This is a British case decided by the House of Lords and as such it creates a precedent for common law decisions on children's rights. These views have not yet been tested in Australian courts and the law here is still unclear.
Mrs. Gillick had four daughters under the age of 16 years. At that time, policy allowed a doctor to protect a girl against the potentially harmful side effects of pregnancy by issuing contraception. Mrs. Gillick asked her local health authority that her children not be given contraceptives or an abortion without her knowledge or consent. While the doctors encouraged children to involve their parents in such decisions they were not prepared to seek Mrs. Gillick's consent as the consultation between doctors and patients was confidential.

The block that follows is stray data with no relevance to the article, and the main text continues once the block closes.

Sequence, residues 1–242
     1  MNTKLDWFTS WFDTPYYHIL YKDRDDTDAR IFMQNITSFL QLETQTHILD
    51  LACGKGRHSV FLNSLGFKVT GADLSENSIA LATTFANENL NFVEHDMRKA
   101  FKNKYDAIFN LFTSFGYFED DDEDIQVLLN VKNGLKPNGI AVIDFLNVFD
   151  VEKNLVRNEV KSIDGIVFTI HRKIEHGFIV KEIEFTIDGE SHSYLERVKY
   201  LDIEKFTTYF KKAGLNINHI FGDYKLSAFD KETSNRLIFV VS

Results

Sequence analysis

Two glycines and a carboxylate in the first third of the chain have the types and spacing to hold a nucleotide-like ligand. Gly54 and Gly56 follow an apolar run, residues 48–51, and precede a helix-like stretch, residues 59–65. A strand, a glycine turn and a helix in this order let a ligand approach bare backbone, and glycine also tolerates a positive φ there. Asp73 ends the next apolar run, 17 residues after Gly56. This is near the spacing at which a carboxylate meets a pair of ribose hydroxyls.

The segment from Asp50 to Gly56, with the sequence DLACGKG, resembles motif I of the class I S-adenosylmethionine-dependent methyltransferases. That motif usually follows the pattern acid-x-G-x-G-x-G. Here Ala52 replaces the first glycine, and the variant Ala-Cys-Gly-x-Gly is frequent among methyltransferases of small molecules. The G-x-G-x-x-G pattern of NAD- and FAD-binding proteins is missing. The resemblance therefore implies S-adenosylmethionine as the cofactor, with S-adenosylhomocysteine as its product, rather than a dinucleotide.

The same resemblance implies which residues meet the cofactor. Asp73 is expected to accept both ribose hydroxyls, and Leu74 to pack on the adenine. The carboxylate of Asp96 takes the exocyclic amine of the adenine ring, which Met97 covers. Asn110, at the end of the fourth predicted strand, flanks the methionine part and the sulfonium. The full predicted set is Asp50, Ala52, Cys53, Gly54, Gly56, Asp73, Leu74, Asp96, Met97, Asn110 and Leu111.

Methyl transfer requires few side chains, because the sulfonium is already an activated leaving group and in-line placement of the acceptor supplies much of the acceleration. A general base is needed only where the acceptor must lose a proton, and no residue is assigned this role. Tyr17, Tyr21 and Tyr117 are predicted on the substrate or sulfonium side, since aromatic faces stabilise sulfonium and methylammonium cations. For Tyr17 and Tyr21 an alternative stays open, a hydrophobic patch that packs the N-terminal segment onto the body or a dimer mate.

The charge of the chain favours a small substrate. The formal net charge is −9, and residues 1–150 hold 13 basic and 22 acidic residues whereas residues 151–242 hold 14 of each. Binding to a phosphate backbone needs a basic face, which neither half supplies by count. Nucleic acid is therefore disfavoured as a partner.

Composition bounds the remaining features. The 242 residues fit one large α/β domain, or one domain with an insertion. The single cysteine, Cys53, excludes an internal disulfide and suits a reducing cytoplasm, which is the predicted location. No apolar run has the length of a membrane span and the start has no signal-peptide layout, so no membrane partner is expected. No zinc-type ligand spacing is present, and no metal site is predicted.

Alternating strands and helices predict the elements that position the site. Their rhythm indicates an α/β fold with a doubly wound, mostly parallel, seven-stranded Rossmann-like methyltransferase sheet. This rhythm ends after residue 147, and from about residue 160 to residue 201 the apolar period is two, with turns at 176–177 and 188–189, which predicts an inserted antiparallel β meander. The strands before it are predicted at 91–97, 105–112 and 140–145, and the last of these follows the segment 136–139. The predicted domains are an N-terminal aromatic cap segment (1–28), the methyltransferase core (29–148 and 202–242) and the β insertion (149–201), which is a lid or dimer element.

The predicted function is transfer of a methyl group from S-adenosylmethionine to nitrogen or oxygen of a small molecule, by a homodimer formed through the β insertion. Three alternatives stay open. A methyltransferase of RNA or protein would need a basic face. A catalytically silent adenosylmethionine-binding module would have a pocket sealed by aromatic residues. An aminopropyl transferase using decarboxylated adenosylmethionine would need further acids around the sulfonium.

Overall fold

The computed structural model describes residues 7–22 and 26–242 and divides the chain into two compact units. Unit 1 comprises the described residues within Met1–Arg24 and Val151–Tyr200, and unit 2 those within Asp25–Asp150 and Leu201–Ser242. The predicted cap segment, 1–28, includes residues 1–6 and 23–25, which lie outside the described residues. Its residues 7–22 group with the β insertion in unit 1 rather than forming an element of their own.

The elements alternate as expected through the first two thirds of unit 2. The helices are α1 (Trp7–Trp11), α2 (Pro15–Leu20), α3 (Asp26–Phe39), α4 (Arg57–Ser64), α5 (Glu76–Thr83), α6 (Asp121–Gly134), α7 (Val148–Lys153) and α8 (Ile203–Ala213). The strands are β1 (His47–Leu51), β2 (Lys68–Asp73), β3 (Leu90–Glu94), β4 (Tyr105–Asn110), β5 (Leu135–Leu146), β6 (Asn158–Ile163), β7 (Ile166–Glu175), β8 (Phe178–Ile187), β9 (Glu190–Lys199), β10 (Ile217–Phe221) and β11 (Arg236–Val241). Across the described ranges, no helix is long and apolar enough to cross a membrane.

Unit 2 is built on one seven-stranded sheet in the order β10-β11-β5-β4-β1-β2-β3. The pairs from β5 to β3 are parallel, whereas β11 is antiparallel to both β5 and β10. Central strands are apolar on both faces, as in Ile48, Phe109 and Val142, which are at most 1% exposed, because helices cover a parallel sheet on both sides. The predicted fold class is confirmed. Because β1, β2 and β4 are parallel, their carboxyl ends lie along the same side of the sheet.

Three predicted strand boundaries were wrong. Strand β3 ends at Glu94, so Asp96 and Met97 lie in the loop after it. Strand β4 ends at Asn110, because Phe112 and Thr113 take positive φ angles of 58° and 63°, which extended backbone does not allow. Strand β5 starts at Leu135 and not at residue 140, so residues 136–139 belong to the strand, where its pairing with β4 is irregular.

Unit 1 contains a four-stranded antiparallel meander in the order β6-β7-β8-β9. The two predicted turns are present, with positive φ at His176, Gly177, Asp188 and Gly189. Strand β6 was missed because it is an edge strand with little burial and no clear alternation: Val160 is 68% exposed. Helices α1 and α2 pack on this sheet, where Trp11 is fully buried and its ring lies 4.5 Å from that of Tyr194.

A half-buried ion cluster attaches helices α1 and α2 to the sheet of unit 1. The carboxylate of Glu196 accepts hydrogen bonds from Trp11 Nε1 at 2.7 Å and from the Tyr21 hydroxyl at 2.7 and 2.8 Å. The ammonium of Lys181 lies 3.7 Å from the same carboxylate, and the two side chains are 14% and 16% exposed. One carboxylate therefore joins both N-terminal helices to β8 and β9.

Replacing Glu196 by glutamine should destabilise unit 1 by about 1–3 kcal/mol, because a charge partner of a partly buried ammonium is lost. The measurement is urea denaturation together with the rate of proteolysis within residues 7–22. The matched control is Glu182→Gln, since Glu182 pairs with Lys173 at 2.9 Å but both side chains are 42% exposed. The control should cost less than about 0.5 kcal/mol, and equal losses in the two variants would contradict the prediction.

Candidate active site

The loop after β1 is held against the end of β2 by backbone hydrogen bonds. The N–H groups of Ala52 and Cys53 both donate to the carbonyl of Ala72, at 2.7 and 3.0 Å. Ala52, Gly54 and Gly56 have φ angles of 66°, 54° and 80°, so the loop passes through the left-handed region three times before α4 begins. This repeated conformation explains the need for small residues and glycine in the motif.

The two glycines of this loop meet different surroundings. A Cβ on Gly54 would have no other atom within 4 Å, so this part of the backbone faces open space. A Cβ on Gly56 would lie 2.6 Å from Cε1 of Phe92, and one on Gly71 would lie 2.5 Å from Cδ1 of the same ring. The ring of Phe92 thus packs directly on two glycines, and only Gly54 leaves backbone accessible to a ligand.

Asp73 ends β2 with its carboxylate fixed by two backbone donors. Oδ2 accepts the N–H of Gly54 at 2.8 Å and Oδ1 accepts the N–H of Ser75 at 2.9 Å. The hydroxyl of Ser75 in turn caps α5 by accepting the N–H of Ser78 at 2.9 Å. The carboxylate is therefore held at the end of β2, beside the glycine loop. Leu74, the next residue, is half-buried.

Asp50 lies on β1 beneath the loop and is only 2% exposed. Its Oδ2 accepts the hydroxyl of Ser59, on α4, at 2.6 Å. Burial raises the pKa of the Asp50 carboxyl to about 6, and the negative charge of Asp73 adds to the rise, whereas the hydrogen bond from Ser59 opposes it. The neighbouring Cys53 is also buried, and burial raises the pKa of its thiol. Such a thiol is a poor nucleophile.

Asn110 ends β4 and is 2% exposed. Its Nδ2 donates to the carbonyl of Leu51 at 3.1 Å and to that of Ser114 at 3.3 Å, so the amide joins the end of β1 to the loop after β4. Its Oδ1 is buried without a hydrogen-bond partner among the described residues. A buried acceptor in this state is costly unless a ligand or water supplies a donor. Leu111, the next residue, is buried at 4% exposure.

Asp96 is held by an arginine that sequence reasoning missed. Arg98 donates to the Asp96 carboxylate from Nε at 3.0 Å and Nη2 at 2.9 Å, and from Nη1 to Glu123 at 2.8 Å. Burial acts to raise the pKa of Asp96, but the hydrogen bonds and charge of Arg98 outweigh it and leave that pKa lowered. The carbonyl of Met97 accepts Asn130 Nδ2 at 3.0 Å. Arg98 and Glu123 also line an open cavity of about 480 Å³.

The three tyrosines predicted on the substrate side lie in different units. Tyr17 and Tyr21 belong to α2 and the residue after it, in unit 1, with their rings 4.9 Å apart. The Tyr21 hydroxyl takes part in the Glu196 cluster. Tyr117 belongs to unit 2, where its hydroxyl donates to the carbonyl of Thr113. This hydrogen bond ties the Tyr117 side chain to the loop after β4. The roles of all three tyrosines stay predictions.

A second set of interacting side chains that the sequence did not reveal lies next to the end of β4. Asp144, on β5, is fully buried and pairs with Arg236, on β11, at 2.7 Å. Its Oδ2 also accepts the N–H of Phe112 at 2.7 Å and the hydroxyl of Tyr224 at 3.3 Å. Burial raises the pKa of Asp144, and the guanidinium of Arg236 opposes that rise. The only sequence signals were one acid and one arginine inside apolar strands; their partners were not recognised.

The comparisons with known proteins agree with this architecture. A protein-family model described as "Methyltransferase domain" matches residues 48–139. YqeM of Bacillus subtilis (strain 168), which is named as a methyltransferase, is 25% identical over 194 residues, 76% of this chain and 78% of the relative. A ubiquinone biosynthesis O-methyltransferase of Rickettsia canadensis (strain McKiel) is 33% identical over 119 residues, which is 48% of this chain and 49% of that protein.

Not satisfied, Mrs. Gillick took legal action claiming that she should be consulted in such decisions. The House of Lords held that young people can make decisions about their lives and bodies if they have a mature appreciation of the issues, so Mrs Gillick lost her case. As children get older, the court said, the power of parents over them fades away.
The implications of this case affect areas of physical punishment and independence. Once a child has sufficient capacity, both intellectually and emotionally, any parental rights in that area end. Even where the parent restrains or punishes a child in the child's interests, it would be unlawful if done against the child's will. This case suggests that the traditional concept of strict parental control should be replaced by a partnership model of parent-child relations with diminishing parental power as the child matures.
Gillick v West Norfolk and Wisbech Area Health Authority and Another  3 All ER 402
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